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Review: The Fog of War (2003)

The Fog of War (2003)

Directed by: Errol Morris

Premise: A documentary about the life and times of Robert McNamara, the Secretary of Defense under Presidents Kennedy and Johnson and one of the key figures in the Vietnam War.

What Works: At 80, McNamara is still very sharp and Morris uses his turn-the-camera-on-and-let-life- play-out style for the interview. Unlike most subjects of Morris’ documentaries, McNamara doesn’t verbally hang himself in front of the camera and he is surprisingly honest about both his successes and his mistakes and when that is combined with archival footage, the result is a fascinating dissection of American foreign policy.

What Doesn’t: There are no interviews with anyone else, which might have given a broader point of view to the picture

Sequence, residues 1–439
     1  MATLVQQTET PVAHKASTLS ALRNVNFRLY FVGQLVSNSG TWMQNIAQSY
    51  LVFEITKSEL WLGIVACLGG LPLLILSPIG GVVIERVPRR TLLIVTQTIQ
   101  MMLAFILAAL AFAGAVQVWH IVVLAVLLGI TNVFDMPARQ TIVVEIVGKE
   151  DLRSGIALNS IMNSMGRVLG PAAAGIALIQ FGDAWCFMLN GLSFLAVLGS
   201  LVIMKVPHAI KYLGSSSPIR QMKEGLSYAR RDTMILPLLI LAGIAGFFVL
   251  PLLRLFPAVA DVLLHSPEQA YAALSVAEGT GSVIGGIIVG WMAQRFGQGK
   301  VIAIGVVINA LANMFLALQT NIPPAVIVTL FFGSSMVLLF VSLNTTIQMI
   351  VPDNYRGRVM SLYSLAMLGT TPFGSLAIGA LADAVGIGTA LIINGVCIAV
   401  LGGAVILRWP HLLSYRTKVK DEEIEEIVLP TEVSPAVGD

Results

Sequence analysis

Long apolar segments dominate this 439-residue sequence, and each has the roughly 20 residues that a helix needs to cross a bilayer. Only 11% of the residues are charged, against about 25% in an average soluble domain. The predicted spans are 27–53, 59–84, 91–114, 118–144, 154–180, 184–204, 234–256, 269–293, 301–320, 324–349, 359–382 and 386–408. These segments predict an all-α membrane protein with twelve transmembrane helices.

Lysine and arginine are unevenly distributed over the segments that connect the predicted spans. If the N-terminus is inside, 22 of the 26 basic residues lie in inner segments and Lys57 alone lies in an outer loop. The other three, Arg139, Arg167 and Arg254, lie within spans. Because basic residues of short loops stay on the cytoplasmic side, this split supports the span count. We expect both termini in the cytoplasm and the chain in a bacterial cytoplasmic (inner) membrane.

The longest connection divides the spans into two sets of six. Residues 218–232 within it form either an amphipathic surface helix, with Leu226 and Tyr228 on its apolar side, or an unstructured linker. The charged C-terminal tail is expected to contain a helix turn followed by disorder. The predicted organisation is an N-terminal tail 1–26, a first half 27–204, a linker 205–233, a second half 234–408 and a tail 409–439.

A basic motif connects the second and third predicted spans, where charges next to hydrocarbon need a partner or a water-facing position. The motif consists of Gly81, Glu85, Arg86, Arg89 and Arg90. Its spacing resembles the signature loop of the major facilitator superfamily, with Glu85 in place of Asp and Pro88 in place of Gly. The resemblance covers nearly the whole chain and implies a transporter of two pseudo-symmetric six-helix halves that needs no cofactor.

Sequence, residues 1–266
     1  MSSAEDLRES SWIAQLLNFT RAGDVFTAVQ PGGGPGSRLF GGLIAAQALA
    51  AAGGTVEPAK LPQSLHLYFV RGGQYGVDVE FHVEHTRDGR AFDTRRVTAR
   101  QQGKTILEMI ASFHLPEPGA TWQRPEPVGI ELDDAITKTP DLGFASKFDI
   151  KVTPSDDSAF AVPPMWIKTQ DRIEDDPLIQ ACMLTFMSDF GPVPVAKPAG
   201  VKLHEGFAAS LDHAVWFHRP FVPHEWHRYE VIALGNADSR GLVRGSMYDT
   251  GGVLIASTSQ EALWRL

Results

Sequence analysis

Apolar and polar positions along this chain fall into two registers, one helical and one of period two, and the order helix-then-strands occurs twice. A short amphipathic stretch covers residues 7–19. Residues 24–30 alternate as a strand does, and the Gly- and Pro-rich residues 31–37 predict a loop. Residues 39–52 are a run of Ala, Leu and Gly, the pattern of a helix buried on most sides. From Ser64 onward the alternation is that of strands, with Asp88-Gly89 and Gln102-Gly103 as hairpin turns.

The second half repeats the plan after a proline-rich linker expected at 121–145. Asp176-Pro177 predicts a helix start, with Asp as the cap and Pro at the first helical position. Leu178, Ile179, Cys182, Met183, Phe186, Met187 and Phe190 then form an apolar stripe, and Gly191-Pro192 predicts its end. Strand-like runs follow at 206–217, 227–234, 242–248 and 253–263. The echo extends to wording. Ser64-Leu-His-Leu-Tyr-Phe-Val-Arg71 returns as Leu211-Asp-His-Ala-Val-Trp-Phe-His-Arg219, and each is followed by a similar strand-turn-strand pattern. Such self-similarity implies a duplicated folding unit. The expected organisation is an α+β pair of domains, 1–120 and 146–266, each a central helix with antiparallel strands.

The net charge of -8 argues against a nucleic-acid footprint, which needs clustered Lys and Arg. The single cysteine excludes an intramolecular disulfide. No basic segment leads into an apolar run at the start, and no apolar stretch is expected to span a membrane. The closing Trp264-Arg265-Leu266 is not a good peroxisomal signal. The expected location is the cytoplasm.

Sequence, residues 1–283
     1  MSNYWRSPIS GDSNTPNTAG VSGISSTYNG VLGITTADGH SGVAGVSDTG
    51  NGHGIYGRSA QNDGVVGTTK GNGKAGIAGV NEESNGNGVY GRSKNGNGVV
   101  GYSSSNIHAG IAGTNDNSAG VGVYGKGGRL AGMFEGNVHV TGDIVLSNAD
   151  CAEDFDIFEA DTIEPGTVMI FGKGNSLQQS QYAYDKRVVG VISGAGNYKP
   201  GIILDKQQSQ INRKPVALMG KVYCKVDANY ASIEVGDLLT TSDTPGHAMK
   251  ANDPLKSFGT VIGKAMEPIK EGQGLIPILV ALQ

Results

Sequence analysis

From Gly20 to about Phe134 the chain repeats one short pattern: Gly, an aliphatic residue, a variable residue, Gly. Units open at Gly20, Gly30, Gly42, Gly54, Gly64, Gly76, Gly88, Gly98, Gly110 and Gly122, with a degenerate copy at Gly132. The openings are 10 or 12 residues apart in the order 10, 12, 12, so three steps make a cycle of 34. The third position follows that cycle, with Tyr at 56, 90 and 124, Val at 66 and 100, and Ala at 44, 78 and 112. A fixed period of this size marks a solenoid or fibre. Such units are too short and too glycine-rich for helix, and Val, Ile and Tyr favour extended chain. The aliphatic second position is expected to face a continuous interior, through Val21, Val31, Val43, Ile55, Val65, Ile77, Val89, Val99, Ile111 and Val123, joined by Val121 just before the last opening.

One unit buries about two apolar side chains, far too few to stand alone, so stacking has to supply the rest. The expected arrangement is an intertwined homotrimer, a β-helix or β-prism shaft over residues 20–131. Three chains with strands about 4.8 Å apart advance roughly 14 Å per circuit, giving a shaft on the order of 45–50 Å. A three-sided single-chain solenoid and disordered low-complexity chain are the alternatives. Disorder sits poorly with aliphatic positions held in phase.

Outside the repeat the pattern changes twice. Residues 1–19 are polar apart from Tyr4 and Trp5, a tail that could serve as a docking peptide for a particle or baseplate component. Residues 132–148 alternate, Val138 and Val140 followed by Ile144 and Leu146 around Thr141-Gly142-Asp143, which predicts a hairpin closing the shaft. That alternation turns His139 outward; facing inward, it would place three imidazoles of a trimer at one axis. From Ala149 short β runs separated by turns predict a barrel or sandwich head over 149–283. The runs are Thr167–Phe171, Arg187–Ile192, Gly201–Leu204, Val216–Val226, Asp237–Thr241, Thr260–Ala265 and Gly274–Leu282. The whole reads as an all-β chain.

DVD extras: 24 Additional scenes, a featurette on McNamara’s life in politics, and television spots.

Bottom Line: The Fog of War is worth your time and money. McNamara’s lessons about foreign relations are as relevant to us today as they were in his time and the film makes attempts to link the past with the present. Note the difference in style between this and Fahrenheit 9/11. The Fog of War is much more stylized and has a cleaner and more polished look than Moore’s get-the-shot-any-which-way-you-can cinematography. That’s not to say one is better than the other; each serves its purpose. The films represent two key styles in contemporary documentary filmmaking.

Episode: #8 (July 4, 2004)